Civil Society actors in the country have raised concerns about the shrinking civic space orchestrated by both state and non-state actors like poor legal regime and security brutality.
These argue that incidents of violent arrests especially witnessed in the January polls and unlawful detention deter people’s freedom of speech and lessen their influence on the political and social structures of their country.
Ruth Asiimwe, the technical advisor for Youth Line Forum, an NGO based in Uganda, noted that during this critical lockdown period, they are using the existing laws to assist over 200 Non Governmental Organizations (NGOs) to get validated as provided for under the NGO Act.
“As Civil Society actors, we remain committed to the fair provisions of the laws of Uganda. We remain committed to the Citizens of Uganda in ensuring that they have a well projected voice in causing accountability where it is required,” she said.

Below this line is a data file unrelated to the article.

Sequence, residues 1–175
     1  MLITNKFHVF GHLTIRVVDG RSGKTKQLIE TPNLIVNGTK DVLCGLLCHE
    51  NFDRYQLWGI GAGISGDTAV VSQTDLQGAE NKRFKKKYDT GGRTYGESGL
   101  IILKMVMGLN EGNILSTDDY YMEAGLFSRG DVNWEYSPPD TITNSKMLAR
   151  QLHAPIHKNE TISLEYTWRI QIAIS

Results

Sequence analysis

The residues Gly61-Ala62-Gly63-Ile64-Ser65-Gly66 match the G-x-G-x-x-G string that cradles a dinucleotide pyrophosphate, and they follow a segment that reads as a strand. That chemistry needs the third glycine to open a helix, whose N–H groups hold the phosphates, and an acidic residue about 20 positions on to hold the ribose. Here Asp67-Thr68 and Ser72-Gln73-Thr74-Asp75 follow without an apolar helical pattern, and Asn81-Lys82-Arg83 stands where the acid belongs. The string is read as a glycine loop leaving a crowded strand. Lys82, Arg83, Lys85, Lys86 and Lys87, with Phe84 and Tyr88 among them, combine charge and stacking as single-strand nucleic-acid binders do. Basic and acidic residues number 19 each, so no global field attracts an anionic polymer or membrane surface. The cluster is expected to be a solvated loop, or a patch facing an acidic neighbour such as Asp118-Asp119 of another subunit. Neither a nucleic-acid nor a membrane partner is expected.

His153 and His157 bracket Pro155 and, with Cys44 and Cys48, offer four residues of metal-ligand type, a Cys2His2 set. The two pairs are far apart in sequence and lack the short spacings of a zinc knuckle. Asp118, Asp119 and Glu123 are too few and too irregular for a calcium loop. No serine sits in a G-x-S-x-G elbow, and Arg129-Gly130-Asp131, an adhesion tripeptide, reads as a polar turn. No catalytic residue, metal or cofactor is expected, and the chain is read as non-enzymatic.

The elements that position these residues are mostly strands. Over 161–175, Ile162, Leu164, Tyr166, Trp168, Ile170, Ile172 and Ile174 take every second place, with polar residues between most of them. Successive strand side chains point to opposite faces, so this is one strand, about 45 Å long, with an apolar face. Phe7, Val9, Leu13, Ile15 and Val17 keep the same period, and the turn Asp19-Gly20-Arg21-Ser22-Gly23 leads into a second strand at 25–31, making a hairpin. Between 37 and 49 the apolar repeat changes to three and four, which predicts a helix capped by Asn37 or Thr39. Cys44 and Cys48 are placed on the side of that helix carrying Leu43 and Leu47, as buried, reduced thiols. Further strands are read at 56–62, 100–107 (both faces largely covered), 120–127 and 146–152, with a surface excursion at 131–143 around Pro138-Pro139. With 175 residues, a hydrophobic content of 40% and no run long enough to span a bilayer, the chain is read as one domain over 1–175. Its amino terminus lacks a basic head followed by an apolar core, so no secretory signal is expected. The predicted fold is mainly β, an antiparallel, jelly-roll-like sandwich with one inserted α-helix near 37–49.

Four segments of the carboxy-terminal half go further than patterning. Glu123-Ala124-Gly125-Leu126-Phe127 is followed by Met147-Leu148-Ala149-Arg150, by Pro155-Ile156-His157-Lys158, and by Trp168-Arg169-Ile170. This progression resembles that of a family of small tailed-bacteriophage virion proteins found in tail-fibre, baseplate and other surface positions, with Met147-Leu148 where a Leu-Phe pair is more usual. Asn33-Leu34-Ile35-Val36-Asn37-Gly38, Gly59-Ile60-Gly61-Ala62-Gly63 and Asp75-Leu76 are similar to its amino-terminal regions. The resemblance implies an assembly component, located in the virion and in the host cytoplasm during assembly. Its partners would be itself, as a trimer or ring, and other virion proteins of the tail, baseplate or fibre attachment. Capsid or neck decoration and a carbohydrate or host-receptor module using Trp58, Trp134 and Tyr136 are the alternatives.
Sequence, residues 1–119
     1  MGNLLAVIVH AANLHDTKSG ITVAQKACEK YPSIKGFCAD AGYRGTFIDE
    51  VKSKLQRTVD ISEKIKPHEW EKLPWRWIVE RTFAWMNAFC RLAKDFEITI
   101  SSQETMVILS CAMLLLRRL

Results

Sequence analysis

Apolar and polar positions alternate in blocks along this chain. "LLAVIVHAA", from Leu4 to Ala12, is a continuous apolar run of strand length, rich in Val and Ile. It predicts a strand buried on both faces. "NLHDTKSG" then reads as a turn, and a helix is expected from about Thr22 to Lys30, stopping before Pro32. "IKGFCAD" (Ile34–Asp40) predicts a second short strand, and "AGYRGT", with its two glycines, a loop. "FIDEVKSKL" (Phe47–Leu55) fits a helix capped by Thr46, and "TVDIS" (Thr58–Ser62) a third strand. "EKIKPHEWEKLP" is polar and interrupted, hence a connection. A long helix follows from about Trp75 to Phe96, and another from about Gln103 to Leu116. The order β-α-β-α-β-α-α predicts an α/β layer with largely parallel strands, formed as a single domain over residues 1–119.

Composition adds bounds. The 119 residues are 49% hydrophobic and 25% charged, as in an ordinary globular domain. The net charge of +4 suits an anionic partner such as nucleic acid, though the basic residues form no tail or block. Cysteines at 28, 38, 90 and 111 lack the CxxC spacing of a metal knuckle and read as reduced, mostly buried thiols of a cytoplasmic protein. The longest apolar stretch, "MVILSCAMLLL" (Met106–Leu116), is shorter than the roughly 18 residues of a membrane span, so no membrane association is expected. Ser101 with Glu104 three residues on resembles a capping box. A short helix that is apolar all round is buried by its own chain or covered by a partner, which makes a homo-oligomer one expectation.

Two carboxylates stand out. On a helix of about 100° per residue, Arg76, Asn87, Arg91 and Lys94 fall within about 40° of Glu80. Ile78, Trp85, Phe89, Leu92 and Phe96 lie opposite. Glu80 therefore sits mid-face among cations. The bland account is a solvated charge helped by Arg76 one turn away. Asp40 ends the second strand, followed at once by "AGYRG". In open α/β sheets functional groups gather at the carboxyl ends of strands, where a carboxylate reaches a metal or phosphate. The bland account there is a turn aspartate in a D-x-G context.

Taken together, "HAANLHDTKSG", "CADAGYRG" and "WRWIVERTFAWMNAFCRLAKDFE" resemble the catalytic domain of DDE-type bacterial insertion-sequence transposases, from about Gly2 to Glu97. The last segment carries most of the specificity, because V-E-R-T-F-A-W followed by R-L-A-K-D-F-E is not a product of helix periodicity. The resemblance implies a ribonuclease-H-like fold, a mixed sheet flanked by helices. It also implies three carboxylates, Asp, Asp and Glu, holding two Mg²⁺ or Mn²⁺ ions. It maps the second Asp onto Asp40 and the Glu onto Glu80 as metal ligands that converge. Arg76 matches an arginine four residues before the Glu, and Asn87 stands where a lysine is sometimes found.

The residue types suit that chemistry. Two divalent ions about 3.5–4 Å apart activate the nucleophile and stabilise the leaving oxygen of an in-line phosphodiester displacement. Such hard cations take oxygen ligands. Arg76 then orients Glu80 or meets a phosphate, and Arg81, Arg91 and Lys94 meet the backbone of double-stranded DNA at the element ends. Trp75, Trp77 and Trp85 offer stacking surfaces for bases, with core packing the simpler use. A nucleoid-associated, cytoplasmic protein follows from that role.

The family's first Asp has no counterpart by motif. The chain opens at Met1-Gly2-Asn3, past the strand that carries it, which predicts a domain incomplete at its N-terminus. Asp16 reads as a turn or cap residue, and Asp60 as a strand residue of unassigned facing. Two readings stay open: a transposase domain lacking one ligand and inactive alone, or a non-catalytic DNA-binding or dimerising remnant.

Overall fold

Asiimwe challenged Government actors to do their part of the bargain in ensuring a leveled ground and performing towards a free and fair civic space.
“We demand that all political prisoners be released, that the NGO Bureau revokes the unfair ban and clampdown on the Civil Society Organizations without fail. Secondly, the NGO Act should be revised as soon as possible with consultation from all Civil Society actors,” she said.
During the January elections, activities of numerous CSOs were interrupted and others suspended over accusations of subversion and breach of regulations governing them.